Nixon was far from converted to the MAD theory, but, faced with a Congress that was gutting the ABM program, decided to freeze--and thereby preserve--a nucleus ABM deployment in return for equivalent limits on the Soviets' own ABM deployment, and to use that decision to put a ceiling on the Soviet offensive buildup. At the Moscow summit of 1972, the Soviets accepted the American insistence that offensive weapons be limited simultaneously with defensive weapons.
This history is relevant because many who treat the ABM Treaty as the cornerstone of arms control misunderstand the original impetus for it. And the contrast between the situation of 1972 and today's is stark. The Rumsfeld Commission has unanimously described the new security environment. One signatory, the Soviet Union, has disappeared as a legal entity. Missile technologies have evolved in sophistication and proliferated into nations (North Korea, Iran, Iraq) not even remotely considered candidates when the agreement was concluded. In short, in the existing strategic environment the ABM Treaty constrains the nation's defense to an intolerable degree.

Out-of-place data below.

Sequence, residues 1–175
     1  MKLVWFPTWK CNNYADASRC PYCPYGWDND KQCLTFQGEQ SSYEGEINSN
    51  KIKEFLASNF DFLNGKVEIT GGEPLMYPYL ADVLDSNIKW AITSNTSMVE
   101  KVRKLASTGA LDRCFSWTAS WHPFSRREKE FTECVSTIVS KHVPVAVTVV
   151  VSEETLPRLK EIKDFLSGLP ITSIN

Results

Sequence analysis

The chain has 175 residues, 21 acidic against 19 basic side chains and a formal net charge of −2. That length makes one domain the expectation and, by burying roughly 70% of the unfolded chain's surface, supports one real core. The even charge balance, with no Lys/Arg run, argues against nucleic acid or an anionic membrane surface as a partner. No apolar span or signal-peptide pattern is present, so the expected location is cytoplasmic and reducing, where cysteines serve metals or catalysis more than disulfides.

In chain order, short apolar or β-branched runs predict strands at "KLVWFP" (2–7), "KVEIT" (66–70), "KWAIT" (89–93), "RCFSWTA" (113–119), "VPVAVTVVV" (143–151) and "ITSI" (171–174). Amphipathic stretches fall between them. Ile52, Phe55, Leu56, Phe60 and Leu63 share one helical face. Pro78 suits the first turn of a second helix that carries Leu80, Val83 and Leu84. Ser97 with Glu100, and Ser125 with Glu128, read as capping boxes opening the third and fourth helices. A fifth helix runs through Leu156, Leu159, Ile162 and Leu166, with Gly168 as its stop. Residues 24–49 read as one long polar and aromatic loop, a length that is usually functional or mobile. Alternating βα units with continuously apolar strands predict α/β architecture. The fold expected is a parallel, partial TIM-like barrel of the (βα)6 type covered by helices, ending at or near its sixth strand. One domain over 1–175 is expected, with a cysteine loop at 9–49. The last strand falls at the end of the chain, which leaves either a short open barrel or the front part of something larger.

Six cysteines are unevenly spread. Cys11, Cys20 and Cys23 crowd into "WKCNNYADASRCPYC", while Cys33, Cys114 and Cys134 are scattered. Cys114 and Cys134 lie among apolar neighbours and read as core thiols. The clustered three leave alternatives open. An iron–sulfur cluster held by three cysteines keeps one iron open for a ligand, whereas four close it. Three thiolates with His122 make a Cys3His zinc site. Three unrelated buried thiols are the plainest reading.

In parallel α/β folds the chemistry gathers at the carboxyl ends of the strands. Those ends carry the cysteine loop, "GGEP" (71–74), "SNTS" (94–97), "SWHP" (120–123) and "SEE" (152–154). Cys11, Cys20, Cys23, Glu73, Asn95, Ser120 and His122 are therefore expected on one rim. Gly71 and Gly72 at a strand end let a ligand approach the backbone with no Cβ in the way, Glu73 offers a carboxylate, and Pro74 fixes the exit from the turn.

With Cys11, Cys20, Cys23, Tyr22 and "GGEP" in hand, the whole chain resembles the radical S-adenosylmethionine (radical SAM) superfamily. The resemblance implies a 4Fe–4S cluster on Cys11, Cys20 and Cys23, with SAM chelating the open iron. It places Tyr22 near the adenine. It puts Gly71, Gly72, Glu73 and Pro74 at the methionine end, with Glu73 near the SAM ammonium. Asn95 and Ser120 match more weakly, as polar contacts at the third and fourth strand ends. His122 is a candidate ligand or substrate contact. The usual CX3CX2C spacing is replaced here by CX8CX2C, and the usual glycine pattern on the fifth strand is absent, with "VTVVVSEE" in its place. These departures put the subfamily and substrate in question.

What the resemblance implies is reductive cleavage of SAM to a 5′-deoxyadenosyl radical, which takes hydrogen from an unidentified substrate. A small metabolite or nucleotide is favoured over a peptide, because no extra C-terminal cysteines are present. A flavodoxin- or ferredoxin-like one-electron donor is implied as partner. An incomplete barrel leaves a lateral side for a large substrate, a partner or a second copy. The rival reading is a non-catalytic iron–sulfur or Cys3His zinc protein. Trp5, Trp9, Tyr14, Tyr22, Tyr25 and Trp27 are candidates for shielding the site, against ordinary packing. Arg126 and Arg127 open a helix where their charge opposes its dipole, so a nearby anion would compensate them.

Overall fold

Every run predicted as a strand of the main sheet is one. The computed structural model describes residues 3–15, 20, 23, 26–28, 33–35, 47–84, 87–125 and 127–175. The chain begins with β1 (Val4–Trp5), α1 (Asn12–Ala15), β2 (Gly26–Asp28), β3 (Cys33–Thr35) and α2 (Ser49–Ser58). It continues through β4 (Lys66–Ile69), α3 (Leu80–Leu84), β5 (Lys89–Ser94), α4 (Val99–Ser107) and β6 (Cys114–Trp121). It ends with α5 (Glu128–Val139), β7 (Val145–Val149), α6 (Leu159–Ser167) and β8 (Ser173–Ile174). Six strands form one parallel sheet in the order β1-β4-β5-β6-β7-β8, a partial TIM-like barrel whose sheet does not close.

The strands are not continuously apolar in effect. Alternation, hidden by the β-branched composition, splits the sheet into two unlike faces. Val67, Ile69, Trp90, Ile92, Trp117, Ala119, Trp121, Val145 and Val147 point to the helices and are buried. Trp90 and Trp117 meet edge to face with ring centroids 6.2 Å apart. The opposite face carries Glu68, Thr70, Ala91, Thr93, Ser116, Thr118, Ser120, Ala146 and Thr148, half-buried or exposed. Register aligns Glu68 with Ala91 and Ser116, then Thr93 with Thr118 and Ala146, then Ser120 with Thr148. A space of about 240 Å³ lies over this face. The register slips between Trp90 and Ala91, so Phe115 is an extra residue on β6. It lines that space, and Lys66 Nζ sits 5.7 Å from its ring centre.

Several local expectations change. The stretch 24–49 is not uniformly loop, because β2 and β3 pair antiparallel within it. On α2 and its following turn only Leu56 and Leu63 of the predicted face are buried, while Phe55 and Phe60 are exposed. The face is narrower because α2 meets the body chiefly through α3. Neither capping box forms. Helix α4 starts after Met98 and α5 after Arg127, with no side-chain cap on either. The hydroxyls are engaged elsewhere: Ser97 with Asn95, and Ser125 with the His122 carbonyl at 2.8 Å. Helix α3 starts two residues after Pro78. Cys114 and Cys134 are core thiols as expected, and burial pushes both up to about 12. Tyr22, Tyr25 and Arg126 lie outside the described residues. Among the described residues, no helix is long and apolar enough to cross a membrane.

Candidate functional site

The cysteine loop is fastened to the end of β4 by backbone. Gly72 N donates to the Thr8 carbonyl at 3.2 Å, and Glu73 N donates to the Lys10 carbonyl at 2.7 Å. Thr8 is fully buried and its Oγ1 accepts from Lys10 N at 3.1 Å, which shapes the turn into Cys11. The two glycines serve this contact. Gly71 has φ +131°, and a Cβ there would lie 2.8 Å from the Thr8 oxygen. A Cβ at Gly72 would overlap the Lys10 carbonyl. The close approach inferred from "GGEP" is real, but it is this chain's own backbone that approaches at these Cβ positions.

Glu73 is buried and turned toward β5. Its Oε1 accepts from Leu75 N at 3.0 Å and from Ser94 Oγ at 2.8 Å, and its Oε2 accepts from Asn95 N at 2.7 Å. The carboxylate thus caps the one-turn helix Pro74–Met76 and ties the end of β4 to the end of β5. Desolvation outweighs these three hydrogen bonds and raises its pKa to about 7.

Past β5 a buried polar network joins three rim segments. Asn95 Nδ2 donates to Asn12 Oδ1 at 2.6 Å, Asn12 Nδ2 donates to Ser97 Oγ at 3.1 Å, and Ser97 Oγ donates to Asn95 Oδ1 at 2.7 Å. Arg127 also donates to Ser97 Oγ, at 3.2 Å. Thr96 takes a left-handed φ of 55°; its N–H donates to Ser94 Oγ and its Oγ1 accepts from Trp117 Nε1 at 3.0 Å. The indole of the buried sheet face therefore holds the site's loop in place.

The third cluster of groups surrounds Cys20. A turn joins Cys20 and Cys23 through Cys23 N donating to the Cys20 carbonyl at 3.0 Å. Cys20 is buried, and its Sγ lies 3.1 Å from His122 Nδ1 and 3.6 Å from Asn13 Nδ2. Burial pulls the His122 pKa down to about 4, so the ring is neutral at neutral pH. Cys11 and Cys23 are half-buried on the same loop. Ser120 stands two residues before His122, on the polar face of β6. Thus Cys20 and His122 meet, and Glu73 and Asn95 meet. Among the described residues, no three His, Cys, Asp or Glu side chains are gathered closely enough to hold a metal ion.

As for European reactions, it must be kept in mind that our NATO allies have made comparable arguments about every major new American weapons program for the past 30 years--from "flexible response" in the l960s, to the Strategic Defense Initiative (SDI) and intermediate-range missiles in the 1980s. Opposing new offensive weapons placed in Europe in the 1980s and new defensive weapons based in America in the '90s, these critics have charged on each occasion that the new programs would decouple Americans from Europe and torpedo important negotiations with Moscow. In each case the critics have been proved wrong.
In the Nixon administration, the ABM program broke the deadlock in East-West negotiations. In the Reagan administration, SDI and intermediate-range missiles in Europe brought the Soviets back to the conference table. And with 20,000 nuclear weapons in the Russian arsenal, it will be many decades if ever before an American missile-defense program shuts down all Russian nuclear options, even as it constrains many of them. This should give time for an East-West diplomacy designed to move a nuclear conflict between the two largest nuclear countries to an ever-lower level of probability.